GEMMA MARMALADE

Fig. IV. Lotta dei pesci - available as framed giclee print and tea towel
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image by Matt Rowe
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image by Matt Rowe
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image by Matt Rowe
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image by Matt Rowe
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image by Matt Rowe
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image by Matt Rowe
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Image by Matt Rowe
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image by Matt Rowe
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image by Matt Rowe
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image by Matt Rowe
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image by Matt Rowe
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image by Matt Rowe
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image by Matt Rowe
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image by Matt Rowe
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image by Matt Rowe
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image by Andrew Smith
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image by Andrew Smith
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image by Andrew Smith
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image by Andrew Smith
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image by Andrew Smith
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image by Andrew Smith
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image by Nigel Grimmer
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image by Nigel Grimmer
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image by Rebecca Pomroy/Jian Wi Lim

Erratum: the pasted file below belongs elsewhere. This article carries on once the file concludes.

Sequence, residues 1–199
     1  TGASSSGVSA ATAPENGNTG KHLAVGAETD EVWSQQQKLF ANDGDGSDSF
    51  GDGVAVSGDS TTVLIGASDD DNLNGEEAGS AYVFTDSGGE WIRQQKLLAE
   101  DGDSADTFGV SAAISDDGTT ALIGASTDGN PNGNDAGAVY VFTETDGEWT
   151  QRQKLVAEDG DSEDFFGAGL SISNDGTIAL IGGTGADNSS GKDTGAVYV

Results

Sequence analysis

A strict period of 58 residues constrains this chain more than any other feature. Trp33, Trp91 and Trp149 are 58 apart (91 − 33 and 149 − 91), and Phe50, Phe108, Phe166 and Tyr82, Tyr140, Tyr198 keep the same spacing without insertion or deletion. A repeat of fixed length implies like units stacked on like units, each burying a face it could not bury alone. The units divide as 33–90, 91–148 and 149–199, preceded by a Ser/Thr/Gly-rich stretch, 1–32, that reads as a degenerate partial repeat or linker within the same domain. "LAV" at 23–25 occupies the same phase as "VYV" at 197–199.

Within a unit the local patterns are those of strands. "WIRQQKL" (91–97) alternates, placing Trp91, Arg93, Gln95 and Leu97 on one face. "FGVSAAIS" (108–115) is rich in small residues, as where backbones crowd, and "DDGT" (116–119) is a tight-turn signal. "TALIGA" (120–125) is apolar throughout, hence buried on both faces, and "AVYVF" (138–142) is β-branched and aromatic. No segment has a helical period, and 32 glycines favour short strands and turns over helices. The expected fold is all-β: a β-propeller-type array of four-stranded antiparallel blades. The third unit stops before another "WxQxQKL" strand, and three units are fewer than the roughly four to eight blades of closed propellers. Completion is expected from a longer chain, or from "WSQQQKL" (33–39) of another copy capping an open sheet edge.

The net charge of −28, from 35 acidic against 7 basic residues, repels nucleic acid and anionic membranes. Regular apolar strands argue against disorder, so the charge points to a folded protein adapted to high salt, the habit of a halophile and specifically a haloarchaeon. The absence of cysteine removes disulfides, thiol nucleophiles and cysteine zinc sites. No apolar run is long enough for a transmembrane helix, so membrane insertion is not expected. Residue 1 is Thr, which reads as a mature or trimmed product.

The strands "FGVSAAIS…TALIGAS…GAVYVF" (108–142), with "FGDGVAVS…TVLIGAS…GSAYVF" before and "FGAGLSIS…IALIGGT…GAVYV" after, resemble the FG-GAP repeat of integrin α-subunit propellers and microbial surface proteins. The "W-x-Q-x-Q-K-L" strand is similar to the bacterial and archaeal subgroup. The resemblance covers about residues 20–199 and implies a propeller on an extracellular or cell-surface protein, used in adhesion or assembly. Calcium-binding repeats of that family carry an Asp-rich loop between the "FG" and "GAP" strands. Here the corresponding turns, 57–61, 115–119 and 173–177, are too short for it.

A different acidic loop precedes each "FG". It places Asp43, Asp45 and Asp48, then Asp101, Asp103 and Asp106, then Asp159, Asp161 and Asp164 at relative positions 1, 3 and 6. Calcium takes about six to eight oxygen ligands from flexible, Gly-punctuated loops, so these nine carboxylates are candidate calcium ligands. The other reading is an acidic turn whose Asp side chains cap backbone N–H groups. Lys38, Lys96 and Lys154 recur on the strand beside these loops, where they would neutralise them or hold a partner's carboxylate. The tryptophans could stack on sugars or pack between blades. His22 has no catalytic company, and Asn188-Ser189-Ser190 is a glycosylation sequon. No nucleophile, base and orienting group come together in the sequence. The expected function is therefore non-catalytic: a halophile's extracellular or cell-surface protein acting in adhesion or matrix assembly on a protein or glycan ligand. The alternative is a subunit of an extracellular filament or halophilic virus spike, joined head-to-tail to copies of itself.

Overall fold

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image by Will Jennings
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image by Will Jennings
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image by Will Jennings
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image by Will Jennings
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image by Will Jennings
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image by Will Jennings
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image by Will Jennings
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image by Fiona Louise Clarke
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image by Fiona Louise Clarke
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image by Fiona Louise Clarke
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image by Fiona Louise Clarke
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image by Fiona Louise Clarke
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image by Fiona Louise Clarke
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image by Will Jennings
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image by Will Jennings
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Traditionally, women from the island of Linosa, Italy, have carried out a symbolic annual ritual. In order to establish a hierarchy amongst dominant family clans, the two presiding matriarchs meet on the Feast of Saint Marina (patron of the Sea, fertility and suffering), to flagellate each other with fish until a victor is decided. 'Fish Wives' --parlance for shrewish and abusive women--takes its name from the phrase attributed to this tradition. The winner collects the discarded, damaged fish and returns home to prepare a special dish with them. Later, it is presented to the adversary who must sit and eat it as an act of contrition. This ritual has been coined as 'andare a Cannosa' where the expression 'to eat humble pie' originates.

 

Fish Wives (Sweet Science) is a live reenactment of this duel. It explores the physicality of mutual female aggression incorporating the visceral elements of women in battle using fish as weapons. Culinary gestures are incorporated throughout creating additional sensory stimulations. The audience takes on the role of the sporting spectator, challenging the dynamics of  viewing traditionally masculine pastimes.

Fish Wives